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Language in the Brain

$139.99

  • Date Published: June 2010
  • availability: In stock
  • format: Hardback
  • isbn: 9780521515498
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About the Authors
  • Linguistics, neurocognition, and phenomenological psychology are fundamentally different fields of research. Helmut Schnelle provides an interdisciplinary understanding of a new integrated field in which linguists can be competent in neurocognition and neuroscientists in structure linguistics. Consequently the first part of the book is a systematic introduction to the function of the form and meaning-organising brain component – with the essential core elements being perceptions, actions, attention, emotion and feeling. Their descriptions provide foundations for experiences based on semantics and pragmatics. The second part is addressed to non-linguists and presents the structural foundations of currently established linguistic frameworks. This book should be serious reading for anyone interested in a comprehensive understanding of language, in which evolution, functional organisation and hierarchies are explained by reference to brain architecture and dynamics.

    • Bridges the gap between neuroscience and principles of linguistics, and provides an interdisciplinary approach to perspectives of language form, use and meaning
    • Divided into two parts, allowing a basic and more comprehensive view for the beginner and advanced reader
    • Fully illustrated, with comprehensive descriptions to help understanding of the models of translating formalist linguistic structure descriptions into plausible neural models
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    Reviews & endorsements

    "The book is informative [and] ambitious."
    Andrew Kertesz, The Canadian Journal of Neurological Sciences

    Customer reviews

    10th Sep 2013 by Murregon

    Its an amazing book

    Review was not posted due to profanity

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    Product details

    • Date Published: June 2010
    • format: Hardback
    • isbn: 9780521515498
    • length: 244 pages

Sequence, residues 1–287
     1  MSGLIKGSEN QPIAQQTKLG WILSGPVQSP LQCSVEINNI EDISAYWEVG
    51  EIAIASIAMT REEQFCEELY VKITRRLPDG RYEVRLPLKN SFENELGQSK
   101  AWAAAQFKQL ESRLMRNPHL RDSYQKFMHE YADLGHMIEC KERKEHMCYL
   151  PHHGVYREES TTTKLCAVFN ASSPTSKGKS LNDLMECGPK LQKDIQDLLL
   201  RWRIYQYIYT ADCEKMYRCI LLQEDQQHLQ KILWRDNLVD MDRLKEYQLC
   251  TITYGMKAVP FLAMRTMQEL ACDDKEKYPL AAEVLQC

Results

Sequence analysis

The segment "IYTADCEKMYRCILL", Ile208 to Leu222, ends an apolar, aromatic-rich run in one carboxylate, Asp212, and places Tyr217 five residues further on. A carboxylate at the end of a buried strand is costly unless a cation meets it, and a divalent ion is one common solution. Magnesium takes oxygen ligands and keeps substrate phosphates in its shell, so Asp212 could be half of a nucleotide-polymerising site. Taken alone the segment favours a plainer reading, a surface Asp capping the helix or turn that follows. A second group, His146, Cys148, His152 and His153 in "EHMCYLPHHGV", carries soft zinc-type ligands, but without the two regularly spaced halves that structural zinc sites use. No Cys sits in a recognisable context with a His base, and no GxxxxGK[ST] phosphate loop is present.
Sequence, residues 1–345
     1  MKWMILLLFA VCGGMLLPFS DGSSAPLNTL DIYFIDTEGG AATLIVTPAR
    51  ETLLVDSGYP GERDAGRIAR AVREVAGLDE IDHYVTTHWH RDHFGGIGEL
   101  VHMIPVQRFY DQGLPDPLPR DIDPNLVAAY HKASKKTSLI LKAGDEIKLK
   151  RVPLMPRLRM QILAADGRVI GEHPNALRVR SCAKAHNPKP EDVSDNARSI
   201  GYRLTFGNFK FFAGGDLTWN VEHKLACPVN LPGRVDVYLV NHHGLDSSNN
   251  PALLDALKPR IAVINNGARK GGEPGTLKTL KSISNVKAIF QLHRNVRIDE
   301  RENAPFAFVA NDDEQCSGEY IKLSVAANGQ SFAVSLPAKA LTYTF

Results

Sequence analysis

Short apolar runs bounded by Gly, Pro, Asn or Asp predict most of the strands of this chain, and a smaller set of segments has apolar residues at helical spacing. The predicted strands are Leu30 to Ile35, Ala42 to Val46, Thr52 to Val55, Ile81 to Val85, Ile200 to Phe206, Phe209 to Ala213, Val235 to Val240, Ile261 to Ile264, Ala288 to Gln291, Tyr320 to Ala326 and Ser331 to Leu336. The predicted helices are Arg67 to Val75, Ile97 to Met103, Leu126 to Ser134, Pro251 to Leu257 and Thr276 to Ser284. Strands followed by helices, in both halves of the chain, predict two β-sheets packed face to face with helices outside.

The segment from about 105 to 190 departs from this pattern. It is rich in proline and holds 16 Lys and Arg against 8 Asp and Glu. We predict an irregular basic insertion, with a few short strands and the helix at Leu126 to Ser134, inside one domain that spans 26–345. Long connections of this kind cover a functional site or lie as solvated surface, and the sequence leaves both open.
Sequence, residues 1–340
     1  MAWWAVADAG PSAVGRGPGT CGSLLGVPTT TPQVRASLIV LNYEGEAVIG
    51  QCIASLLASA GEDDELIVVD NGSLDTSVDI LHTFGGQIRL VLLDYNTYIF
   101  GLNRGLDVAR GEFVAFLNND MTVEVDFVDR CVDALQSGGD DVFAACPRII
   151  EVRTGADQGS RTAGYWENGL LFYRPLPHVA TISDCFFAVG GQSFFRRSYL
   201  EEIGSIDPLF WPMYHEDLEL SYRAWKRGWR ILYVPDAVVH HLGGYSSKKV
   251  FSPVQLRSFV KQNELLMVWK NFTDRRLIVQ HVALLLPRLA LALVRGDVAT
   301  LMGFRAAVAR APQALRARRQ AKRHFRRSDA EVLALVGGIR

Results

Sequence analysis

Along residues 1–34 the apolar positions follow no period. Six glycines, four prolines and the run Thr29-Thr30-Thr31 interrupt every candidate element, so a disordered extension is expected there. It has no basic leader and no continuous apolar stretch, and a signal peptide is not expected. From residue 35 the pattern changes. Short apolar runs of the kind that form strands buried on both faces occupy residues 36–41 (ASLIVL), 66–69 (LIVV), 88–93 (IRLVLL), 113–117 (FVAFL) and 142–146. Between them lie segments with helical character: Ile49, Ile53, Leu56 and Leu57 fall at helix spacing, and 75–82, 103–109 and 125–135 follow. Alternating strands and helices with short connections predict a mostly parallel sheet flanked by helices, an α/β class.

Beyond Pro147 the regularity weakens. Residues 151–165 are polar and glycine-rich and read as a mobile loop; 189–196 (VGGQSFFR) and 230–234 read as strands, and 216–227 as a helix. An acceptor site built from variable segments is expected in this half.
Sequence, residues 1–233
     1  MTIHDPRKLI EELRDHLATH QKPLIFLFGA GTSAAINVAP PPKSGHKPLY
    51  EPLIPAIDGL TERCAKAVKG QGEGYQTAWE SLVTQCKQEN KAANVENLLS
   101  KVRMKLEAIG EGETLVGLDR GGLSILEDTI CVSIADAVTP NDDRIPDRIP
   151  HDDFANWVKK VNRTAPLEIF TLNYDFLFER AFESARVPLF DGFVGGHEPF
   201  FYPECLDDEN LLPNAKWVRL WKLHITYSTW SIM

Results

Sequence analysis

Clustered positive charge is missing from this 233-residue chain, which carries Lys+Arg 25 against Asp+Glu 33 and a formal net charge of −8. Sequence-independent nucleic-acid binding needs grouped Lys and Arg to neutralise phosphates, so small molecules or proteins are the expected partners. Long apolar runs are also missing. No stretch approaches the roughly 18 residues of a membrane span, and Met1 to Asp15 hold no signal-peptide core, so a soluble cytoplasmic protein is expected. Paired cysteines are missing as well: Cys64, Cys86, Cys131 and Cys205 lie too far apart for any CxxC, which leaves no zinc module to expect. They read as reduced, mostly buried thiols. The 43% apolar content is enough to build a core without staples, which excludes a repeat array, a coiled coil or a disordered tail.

• dimensions: 235 x 157 x 15 mm
    • weight: 0.52kg
    • contains: 33 b/w illus.
    • availability: In stock
  • Table of Contents

    Part I. Introducing Cognitive Neuroscience to Linguists:
    1. The brain in functional perspective
    2. Organization in complex organisms
    3. Neural perspectives of semantics: examples of seeing, acting, memorizing, meaningful understanding, feeling, and thought
    4. Combination and integration of intelligent thought and feeling
    Part II. Introducing Linguistics to Scientists:
    5. Introducing formal grammar
    6. Grammar as life
    7. Integrating language organization in mind and brain - the world of thinking and knowing, liking or hating other people's mind/brain/bodies
    8. Dynamic language organization in stages of complexity.

  • Author

    Helmut Schnelle, Ruhr-Universität, Bochum, Germany
    Helmut Schnelle graduated in 1957 with a degree in Physics. His postgraduate studies between 1958 and 1962 included cybernetics, linguistics, and philosophy, leading to the first doctorate in philosophy on Leibniz' Arte Combinatoria. In 1967 he achieved a second doctorate (Dr. phil. habil.) based on the book manuscript 'Prolegomena for Formalization of Levels of Linguistics' and became Full Professor of Linguistics in Berlin. He has participated in US-supported research in theoretical and computational linguistics and in machine translation, including methodological discussions of linguistics at Hebrew University, research at the linguistic department of MIT and a study with Columbia University transforming east and west-European Yiddish language dialects into computer data. He has served as an academic consultant for IBM Germany in a project developing programs for practical uses of language. He is member of Academia Europea (London), Honorary Member of the Cercle Linguistique de Prague and in 2000 became Honorary doctorate at Bielefeld University, Germany. He was editor of the journal Theoretical Linguistics between 1974 and 2000. Helmut Schnelle also organised the first conference about language and the brain, on the occasion of awarding the honorary doctorate to Roman Jakobson and has since organized a 'Mind/Brain' conference in Paris. He is now continuing work with the Ruhr Universität Bochum, focusing on studying language in the brain and its organization of neural networks.

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